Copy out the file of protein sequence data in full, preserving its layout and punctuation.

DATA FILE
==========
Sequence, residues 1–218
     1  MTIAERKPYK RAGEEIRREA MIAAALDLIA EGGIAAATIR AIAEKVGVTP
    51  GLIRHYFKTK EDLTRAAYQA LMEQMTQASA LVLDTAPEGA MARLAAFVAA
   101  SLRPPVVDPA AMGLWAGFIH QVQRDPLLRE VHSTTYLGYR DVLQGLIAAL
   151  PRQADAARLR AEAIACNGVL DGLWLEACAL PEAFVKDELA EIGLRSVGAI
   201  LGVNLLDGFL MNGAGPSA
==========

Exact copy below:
Sequence, residues 1–218
     1  MTIAERKPYK RAGEEIRREA MIAAALDLIA EGGIAAATIR AIAEKVGVTP
    51  GLIRHYFKTK EDLTRAAYQA LMEQMTQASA LVLDTAPEGA MARLAAFVAA
   101  SLRPPVVDPA AMGLWAGFIH QVQRDPLLRE VHSTTYLGYR DVLQGLIAAL
   151  PRQADAARLR AEAIACNGVL DGLWLEACAL PEAFVKDELA EIGLRSVGAI
   201  LGVNLLDGFL MNGAGPSA